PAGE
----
The United States has denied widely circulated reports that the western power’s intelligence bodies are undertaking covert operations to topple the government of President Salva Kiir.
A leaked letter purportedly sent from Washington to ‘Warriors Security Company’ dated June 13, viagra dosage http://cirnow.com.au/wp-admin/includes/translation-install.php 2016, indicated that U.S. government’s aim remain unchanged – to “totally work against government of South Sudan” and “undermine steps taken so that the peace Agreement collapses.”
However, in a statement issued late Sunday, Deputy U.S. State Department Spokesperson, Mark C. Toner dismissed the alleged plot.
He said government has “reassured to the people and the government of South Sudan that we are not planning, nor will plan, to target any government or military leaders; nor will we import special military equipment with the goal of destabilizing South Sudan.”
Mark said any suggestion that the United States has done so or will do so is “false, baseless, and not in the interest of peace in South Sudan. We want to make clear to the people and the government of South Sudan that the United States has no plan for offensive action in their country.”
The alleged letter from Delores Nelson, head of OSS Intelligence, noted that the U.S. operation in South Sudan “would be done in a manner that we have another conflict that will lead to a civil war.”
“This time around we will have a stronger force on ground that will not only repel government forces but will be capable to defeat and hold Juba at all cost,” Delores allegedly wrote.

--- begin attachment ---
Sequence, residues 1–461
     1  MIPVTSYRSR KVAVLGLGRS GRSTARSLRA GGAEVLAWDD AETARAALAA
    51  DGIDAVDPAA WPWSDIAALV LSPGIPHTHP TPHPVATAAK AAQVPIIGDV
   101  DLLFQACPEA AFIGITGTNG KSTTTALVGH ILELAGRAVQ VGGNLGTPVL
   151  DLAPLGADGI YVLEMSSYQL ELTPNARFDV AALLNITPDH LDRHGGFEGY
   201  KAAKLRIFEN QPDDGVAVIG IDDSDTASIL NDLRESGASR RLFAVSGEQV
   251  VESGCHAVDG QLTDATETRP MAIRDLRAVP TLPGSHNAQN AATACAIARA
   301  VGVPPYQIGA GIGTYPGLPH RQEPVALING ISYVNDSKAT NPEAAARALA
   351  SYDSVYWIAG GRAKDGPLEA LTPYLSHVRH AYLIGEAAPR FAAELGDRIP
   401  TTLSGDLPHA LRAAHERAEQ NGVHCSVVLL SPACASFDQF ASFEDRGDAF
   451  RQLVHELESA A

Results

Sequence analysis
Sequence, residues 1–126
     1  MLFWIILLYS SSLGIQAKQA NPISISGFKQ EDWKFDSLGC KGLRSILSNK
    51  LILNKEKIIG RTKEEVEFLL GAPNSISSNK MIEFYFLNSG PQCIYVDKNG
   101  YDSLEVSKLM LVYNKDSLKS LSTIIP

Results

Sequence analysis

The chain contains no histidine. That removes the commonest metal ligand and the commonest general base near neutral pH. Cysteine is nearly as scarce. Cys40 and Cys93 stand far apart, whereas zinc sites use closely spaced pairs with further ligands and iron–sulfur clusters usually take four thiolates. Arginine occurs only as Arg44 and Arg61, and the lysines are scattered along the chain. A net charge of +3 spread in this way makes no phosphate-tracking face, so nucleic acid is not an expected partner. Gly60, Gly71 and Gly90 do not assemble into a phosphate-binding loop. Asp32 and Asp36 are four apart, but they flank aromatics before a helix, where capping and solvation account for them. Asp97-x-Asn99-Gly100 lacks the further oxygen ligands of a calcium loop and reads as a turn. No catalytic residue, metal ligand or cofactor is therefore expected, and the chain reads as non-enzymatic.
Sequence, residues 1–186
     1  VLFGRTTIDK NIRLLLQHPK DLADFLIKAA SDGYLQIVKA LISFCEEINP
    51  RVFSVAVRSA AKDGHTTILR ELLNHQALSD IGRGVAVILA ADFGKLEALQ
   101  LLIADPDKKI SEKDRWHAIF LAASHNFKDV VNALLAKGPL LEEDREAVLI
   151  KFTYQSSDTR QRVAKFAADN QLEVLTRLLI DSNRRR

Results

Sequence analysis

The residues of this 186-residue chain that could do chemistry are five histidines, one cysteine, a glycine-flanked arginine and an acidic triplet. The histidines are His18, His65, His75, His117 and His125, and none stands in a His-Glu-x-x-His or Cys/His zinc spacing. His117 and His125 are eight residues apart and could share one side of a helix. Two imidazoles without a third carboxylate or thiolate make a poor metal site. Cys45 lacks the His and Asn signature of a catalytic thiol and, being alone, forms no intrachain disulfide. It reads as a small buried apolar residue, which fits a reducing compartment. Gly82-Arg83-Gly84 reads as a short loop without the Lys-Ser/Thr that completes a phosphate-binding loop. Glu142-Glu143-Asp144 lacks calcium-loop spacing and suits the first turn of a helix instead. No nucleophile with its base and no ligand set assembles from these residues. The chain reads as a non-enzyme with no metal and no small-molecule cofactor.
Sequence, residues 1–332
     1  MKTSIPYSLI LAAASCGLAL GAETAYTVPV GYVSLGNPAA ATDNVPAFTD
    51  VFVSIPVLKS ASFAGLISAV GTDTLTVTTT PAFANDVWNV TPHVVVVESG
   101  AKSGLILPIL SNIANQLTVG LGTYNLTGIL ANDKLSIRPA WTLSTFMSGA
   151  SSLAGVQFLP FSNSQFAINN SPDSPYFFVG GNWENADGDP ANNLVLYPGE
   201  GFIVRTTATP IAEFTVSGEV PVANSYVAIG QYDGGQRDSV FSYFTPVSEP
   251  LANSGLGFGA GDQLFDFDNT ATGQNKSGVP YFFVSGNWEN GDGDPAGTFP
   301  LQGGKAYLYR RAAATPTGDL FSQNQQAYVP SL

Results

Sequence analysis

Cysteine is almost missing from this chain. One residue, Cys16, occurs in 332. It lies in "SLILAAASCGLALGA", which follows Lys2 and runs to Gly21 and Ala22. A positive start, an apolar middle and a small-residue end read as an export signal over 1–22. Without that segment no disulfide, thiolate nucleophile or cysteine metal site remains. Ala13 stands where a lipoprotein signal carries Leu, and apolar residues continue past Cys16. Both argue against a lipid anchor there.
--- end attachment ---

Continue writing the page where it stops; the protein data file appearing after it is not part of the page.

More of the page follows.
The country slipped into another phase of disastrous fighting a week ago in which almost 300 people died.
The fighting compelled Vice President Riek Machar to abandon his base in Jebel to a diplomat’s residence in a Juba suburb.
His failure to meet and talk with Kiir has raises fears of a protracted conflict in the war-trn country.
Since President Barack Obama dispatched troops to secure the U.S. Embassy in Juba, there has been talk that the forces could play a role in toppling Kiir.
But the U.S. State Department’s publicist said the deployment is temporary.
“In order to keep the Embassy open, on July 12 a small contingent of U.S. military personnel deployed to Juba to assist the Embassy in temporarily bolstering its security and assisting with the departure of non-emergency personnel,” said Mark.
“The additional U.S. troops in Juba and those dispatched to neighboring countries are there only to protect the Embassy and American citizens who are leaving South Sudan because of the conflict,” he added.
Mark assured that citizens of Juba can expect to see a rotation in military personnel during the week of July 18.
“This rotation of troops is to replace not reinforce the number of military personnel. All of the additional troops will return home when the need for additional security no longer exists.”
The U.S. welcomed the July 11 ceasefire in Juba put in place by the SPLA/M-In Government and the SPLM-In Opposition and urged both sides to remain committed to the ceasefire and to protecting and ensuring the welfare of civilians in Juba and elsewhere throughout the country.